Finally, A Sigh of Relief for the Yankees

The losing streak dies thanks to A-Rod's return to life.

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    NEWSLETTERS

    AP
    A sight for sore eyes.

    On the long list of maddening things about the Yankees in this miserable month of May, Alex Rodriguez's slump was at the very top.

    There aren't many players who have the hitting ability to carry a team that's otherwise scuffling, but A-Rod is one of them. The fact that he was doing the exact opposite by creating a black hole in the middle of the lineup made the struggles of those around him seem even bigger as a result.

    What's more, every time he struck out with runners on or hit a meek pop-up in the infield it became a question if some combination of time, injury or attrition had accelerated the decline phase of his career to an uncomfortable pace.

    No one expects him to be the best player in baseball over the course of 162 games anymore, but it is hard to imagine the Yankees winning big if he isn't a reasonable facsimilie for a healthy portion of the season.

    Those worries can be put to rest for at least one day. Rodriguez hit a pair of home runs off of James Shields on Tuesday night in Tampa to provide the Yanks with the foundation for a much needed 6-2 victory over the Rays.

    It was exactly the kind of night that A-Rod, the Yankees and Yankees fans needed to feel the weight of the world lift off their shoulders. As long as he's still capable of taking over games with his bat, there's reason to believe that things are about to get better.

    He had help, naturally. David Robertson was summoned into another bases loaded jam in the sixth and did his thing once again with a pair of strikeouts to strand all of the baserunners.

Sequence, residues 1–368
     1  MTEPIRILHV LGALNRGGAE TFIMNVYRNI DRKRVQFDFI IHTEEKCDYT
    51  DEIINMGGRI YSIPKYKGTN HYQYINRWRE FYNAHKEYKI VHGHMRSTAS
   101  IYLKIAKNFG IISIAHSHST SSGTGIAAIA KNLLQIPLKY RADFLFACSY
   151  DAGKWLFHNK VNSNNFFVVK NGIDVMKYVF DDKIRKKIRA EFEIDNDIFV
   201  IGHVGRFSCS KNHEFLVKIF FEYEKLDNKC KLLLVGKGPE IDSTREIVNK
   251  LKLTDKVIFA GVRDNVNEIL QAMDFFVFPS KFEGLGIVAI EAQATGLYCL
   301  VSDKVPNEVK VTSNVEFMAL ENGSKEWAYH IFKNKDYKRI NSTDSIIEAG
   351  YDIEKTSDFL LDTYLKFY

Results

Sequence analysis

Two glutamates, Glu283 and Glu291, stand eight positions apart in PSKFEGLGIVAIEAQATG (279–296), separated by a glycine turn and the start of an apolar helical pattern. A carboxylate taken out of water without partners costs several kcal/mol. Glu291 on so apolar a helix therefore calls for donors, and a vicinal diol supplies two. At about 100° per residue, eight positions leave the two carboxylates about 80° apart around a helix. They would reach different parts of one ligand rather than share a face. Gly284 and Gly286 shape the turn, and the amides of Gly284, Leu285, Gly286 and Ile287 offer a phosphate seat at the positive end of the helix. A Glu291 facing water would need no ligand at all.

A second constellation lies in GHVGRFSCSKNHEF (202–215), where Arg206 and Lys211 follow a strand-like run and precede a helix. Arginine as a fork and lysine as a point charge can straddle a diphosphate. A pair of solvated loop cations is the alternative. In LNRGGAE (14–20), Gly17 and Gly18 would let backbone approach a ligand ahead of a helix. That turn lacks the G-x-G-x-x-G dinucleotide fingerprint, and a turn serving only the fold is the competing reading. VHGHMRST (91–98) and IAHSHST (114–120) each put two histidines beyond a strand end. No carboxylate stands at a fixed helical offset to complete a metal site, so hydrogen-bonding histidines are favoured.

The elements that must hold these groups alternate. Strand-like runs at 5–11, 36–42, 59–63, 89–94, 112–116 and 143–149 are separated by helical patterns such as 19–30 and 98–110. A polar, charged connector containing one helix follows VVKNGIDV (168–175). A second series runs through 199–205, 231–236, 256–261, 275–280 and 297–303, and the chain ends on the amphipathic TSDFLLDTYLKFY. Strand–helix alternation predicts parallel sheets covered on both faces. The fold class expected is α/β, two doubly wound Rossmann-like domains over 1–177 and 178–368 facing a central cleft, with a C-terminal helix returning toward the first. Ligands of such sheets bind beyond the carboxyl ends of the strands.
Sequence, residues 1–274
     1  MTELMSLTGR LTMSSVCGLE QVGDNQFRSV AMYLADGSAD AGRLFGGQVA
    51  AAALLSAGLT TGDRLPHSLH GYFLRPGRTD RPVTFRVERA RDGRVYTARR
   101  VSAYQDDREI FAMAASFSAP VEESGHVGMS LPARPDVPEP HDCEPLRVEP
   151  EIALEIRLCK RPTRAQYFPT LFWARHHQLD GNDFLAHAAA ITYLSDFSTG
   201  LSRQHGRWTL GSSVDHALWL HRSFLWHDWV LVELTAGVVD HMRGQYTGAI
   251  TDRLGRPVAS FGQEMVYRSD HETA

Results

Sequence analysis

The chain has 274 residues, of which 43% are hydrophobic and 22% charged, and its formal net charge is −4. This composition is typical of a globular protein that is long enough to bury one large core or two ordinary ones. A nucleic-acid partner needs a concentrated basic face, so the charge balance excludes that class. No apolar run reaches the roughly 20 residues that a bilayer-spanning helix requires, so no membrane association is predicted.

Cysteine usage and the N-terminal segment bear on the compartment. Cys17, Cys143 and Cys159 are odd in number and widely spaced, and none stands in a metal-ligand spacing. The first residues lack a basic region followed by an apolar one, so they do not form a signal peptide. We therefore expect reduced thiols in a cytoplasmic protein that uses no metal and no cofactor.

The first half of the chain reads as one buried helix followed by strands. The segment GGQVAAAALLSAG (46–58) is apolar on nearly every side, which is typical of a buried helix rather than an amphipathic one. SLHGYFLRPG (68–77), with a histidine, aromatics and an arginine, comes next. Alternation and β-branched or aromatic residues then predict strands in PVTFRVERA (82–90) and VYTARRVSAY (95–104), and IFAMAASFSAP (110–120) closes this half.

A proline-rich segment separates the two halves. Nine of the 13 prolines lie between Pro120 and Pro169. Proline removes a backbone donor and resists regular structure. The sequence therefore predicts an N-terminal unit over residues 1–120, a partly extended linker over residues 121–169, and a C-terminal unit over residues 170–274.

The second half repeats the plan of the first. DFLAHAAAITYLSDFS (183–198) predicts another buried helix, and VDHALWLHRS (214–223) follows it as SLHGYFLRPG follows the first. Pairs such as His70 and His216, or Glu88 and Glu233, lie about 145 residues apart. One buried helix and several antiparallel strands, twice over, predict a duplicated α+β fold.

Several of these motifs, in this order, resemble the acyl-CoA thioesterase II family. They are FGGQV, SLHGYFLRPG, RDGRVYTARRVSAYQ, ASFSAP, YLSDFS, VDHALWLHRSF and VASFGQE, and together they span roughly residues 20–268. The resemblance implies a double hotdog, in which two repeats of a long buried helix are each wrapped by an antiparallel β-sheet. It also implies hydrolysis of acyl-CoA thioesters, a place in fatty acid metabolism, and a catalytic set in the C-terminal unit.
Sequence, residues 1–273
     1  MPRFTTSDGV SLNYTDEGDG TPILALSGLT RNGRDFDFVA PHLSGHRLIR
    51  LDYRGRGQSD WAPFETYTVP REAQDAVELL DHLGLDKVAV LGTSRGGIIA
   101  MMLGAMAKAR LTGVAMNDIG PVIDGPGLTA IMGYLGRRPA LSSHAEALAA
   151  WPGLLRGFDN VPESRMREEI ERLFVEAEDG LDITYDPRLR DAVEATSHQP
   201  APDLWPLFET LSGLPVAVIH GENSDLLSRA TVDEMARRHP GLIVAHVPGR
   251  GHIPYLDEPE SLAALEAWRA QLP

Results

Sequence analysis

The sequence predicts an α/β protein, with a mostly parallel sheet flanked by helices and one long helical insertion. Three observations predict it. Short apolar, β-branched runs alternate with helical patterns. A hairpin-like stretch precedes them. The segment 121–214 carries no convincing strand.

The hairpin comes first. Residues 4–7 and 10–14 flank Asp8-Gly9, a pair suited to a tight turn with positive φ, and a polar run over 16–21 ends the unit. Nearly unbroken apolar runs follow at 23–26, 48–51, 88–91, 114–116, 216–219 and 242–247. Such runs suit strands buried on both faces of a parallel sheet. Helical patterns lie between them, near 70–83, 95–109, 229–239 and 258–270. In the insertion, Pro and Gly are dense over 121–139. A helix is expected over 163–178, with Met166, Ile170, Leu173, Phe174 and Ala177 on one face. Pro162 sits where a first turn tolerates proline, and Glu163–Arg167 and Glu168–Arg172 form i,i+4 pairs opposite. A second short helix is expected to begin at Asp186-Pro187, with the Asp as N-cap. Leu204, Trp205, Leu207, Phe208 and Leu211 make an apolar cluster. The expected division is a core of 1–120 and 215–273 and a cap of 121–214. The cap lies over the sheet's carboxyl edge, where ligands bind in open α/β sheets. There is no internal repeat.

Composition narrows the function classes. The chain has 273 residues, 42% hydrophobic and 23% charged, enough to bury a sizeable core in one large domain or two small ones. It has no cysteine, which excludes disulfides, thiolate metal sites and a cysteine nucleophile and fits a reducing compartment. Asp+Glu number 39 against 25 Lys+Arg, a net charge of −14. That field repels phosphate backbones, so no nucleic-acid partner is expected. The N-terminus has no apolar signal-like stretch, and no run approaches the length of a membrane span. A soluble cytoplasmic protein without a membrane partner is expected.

We also learned that Jorge Posada simply needed three days off and time spent in the middle of a raging crossfire to get his bat going. He singled and doubled to jack his average all the way up to .179 on the season.

    The win snaps their six game losing streak, the longest of the Joe Girardi era, and quiets some of the panic that was settling in around a team that has looked as lost as Amelia Earhart in recent weeks.

    Not everything was perfect -- rumors of Derek Jeter's return to life were greatly exaggerated, Girardi remains a manager committed to making baffling decisions and the Rafael Soriano signing feels like the relief version of the Carl Pavano signing -- but it was enough for a night of smiles.

    Six straight losses mean you can't be greedy so we'll take that and look forward to keeping the ball rolling in Baltimore.

    Josh Alper is a writer living in New York City. You can follow him on Twitter and he is also a contributor to Pro Football Talk.